Karlstad Tuggelite eco-village



Posted on 01 March 2012  | 
The Tuggelite outside of Karlstad area was created as an environmentally friendly and resource efficient accommodation with a strong social cohesion.
© Helena Westholm, Efem arkitektkontorEnlarge

Tuggelite – an innovative urban eco-village

Urban eco-villages can be places of innovation, testing, demonstration, and dispersion of important developments for sustainable urban living. This is shown by Sweden’s first eco-village Tuggelite in Karlstad that was an early promoter and innovator of key sustainability techniques. These include resource-efficient building, energy wood-pellets, compost toilets, passive solar heating, recycling, composting, promoting local organic food, triple-layer windows, and biogas for buses.



Keywords: eco-village, resource efficiency, innovation, demonstration, dissemination

Eco-villages are laboratories and incubators that enable grassroots energies and initiatives for more rapid transitions to sustainable cities. They promote learning for sustainable development and active eco-citizenship. Greater social and economic sustainability through empowerment, participation, and better resource use are also important achievements.

Sweden’s first eco-village was established in the early 1980s. The work began in the 1970s led by a group from Gothenberg, including many research-academics who were interested in energy use, resource-efficient building, social positives, and alternatives to “throwaway” consumer cultures. Tuggelite was established with the support of Karlstad municipality, which was positive to the introduction of compost toilets and energy wood-pellets. Passive solar heating, composting, recycling, and supporting local organic food were among its other forerunner initiatives.

Source of innovation
Tuggelite is viewed as a source of innovation both regionally and nationally. According to at least one report, Tuggelite was first with wood pellets and 3-layer windows in Sweden. It was also an early champion of using biogas from organic wastes for operating city buses - now a common practice in Sweden. At the municipal level, Tuggelite lobbied for government to accept sorted waste, e.g. paper, plastic, glass, metal, organic waste.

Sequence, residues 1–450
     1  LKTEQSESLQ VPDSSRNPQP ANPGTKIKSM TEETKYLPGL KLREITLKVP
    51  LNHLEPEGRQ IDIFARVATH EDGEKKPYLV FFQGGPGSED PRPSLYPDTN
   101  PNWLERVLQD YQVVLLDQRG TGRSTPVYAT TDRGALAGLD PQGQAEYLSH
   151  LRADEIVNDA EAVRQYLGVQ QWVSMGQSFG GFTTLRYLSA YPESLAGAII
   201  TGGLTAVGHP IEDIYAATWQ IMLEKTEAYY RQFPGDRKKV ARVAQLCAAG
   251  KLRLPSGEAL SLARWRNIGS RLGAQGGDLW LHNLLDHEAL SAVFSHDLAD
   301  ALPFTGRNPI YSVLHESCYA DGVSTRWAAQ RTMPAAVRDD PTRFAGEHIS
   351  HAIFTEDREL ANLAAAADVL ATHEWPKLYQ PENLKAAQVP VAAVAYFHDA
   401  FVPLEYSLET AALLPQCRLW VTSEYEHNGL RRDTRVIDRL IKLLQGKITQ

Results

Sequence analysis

The pioneering role that Tuggelite has played is attributed to being located near a city, enabling dialogue, interchange, and useful innovations to be demonstrated and dispersed. An eco-village in or near a city can be a laboratory of new innovation and an incubator of innovations to give proof-of-concept for cities. Today cities around the world are enabling eco-villages, e.g. Los Angeles, Ithaca, and Adelaide (see Christie Walk). A recent report concludes that three core factors enabling Tuggelite-founders to reshape their everyday lives around the norm of environmental responsibility were willingness/interest, capacity, and knowledge.

Cooperation with city
The Tuggelite case is a good example of cooperation between an eco-village and a municipality, because regulations and permits are a key challenge. Eco-village innovations often include off-grid energy, water and sewage. Instead of focusing on the existing regulations, a city can focus on the range of positive outcomes an eco-village achieves directly. These can include reduced climate emissions, and reduced use of water and energy. Indirect benefits include innovativeness, and promoting more sustainable urban development. Creating social cohesion in a city environment is another important benefit. An innovative idea stemming from eco-villages is for municipalities to base their approvals and permits, e.g. for building, on ecological footprints (see also Sutton).


References
Peter Newman, Timothy Beatley, Heather Boyer, 2009, Resilient cities: responding to peak oil and climate change, Washington DC: Island Press

Peter Newman, Isabella Jennings, 2008, Cities as Sustainable Ecosystems : Principles and Practices, Washington, DC: Island Press

Ecovillage News, 2010, “Ecovillages in Scandinavia, Part 1”, July / August, http://www.ecovillagenews.org/wiki/index.php/Ecovillages_in_Scandinavia,_Part_I

Swedish Environmental Protection Agency (EPA), 2008, Hållbara hushåll: Miljöpolitik och ekologisk hållbarhet i vardagen -- Slutrapport till Naturvårdsverket från forskningsprogrammet SHARP, Patrik Söderholm (ed.), Report 5899, December 2008

Statistiska centralbyrån, Befolkningsstatistik, http://www.scb.se/Pages/Product____25785.aspx
 
The Tuggelite outside of Karlstad area was created as an environmentally friendly and resource efficient accommodation with a strong social cohesion.
© Helena Westholm, Efem arkitektkontor Enlarge
Map Karlstad
© WWF Enlarge
Tuggelite outside of Karlstad
© Helena Westholm, Efem arkitektkontor Enlarge

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